Once upon a time there may have been some validity to the legend of the “Dumb Jock” who rarely attended classes and when did was present in courses like Basket Weaving 101, Intro to Bowling, and Finger Painting for freshmen. Jokes like this have been passed around for generations on college campuses and beyond where athletes were rumored to be on campus merely for games and post-game parties.
This hypothetical life that seems like a dream come true to many has been long since made extinct by the ever increasing entry requirements for incoming high school student-athletes to qualify to participate in intercollegiate athletics. Furthermore, the NCAA has made stricter requirements to remain able to compete once you arrive on your college campus of choice.
The amount of “core” high school courses that a student must complete has recently been raise from 14 to 16 with specific designations on how many per year must be achieved. Also, the correlating GPA for these courses and standardized test score required have risen, making the leap from high school to collegiate athletics much more challenging.
If you are organized, intelligent and mature enough to handle all of the rigors of high school academics, all while navigating the obstacles of being a teenager and finding your way through this nightmarish judgmental and social media-driven society, you may get the opportunity to compete at the intercollegiate level. But don’t think the coast is clear and that you are on easy street, because that certainly is not the case.
Now, with the new Academic Progress Rate (APR) the standards are tougher and much more detailed to insure that student athletes are making reasonable progress toward their graduation day. A student athlete must pass a minimum of 24 hours per year with no more than 6 of those credit hours earned in the summer. There is a minimum of 6 hours that must be passed during any given semester, disallowing the one-time bombed semester that student athletes were once able to recover from. Also, minimum cumulative GPAs increase each year that the student is enrolled at the university. If this isn’t enough to complicate your mission, there are also guidelines as to what classes can be taken, as you must meet a required percentage of credit hours toward your chosen major, virtually eliminating taking easy elective courses to increase one’s GPA or reach credit hour requirements because courses must count toward your field of study.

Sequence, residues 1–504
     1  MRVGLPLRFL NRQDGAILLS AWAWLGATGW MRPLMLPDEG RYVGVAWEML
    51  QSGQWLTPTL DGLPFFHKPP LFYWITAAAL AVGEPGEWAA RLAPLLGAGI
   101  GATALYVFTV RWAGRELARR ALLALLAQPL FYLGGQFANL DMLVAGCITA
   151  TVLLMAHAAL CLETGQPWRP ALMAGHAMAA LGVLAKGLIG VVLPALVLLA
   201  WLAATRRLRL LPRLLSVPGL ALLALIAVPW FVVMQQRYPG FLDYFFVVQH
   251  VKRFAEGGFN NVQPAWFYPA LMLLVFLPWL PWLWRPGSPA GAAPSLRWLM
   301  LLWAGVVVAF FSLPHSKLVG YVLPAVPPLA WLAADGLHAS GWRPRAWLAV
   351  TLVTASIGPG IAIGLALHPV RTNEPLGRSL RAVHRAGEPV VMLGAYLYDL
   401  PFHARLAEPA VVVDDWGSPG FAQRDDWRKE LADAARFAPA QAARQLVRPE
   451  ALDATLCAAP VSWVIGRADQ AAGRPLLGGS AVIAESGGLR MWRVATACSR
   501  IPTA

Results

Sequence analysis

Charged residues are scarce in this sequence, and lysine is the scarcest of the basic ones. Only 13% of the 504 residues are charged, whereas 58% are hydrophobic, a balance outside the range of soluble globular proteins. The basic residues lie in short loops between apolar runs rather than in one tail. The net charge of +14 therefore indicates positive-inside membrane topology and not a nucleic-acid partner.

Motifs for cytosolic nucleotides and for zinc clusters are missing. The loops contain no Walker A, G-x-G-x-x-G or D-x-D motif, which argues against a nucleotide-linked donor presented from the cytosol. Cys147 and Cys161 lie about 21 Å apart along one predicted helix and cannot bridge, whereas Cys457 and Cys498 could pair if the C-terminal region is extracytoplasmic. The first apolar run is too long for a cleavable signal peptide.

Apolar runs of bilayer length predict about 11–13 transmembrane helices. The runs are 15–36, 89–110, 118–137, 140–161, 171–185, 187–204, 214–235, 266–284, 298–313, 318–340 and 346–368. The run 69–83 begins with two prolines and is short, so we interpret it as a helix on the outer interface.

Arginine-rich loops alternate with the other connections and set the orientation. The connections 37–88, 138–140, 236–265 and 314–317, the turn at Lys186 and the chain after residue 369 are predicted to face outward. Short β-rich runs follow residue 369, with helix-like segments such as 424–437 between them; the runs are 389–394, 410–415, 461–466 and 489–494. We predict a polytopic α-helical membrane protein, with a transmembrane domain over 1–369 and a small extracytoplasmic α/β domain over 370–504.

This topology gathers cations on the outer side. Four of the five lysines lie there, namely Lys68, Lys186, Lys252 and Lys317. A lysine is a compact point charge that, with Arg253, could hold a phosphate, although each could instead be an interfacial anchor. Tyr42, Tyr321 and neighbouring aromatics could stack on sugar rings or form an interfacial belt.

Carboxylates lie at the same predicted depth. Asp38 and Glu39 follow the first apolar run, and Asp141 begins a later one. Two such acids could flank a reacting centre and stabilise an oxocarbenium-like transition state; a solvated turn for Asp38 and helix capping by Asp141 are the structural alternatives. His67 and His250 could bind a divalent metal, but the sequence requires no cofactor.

All in all, the NCAA and its participating institutions have worked together to put a system in place to make sure their student athletes are put in the best possible position to earn their Bachelor’s degree. In fact, with these detailed requirements, at the majority of institutions across the nation it is more difficult to remain in good academic standing as a student athlete than as a student in the general population. Some may view this as unfair, but should be happy that research consistently proves over the past 10 years that student athletes graduate at a higher rate than students who do not participate in collegiate athletics!
So don’t worry about your favorite college basketball player’s schedule being too cramped with practices, film sessions, strength training, and of course the big game! Even after arriving home at 3 or 4 a.m. after road trips, you can count on these athletes attending their 8 a.m. classes, as well as tutoring sessions and mandatory study hall. Once you choose to be a student athlete at the collegiate level you are virtually volunteering for two full time jobs; one job as a student and one as an athlete, and each of these require more than 40 hours per week to be successful! This is why I say that collegiate athletes who are fortunate enough to earn scholarship money deserve every penny they get and feel strongly that the legend of the Dumb Jock is nothing more than a myth!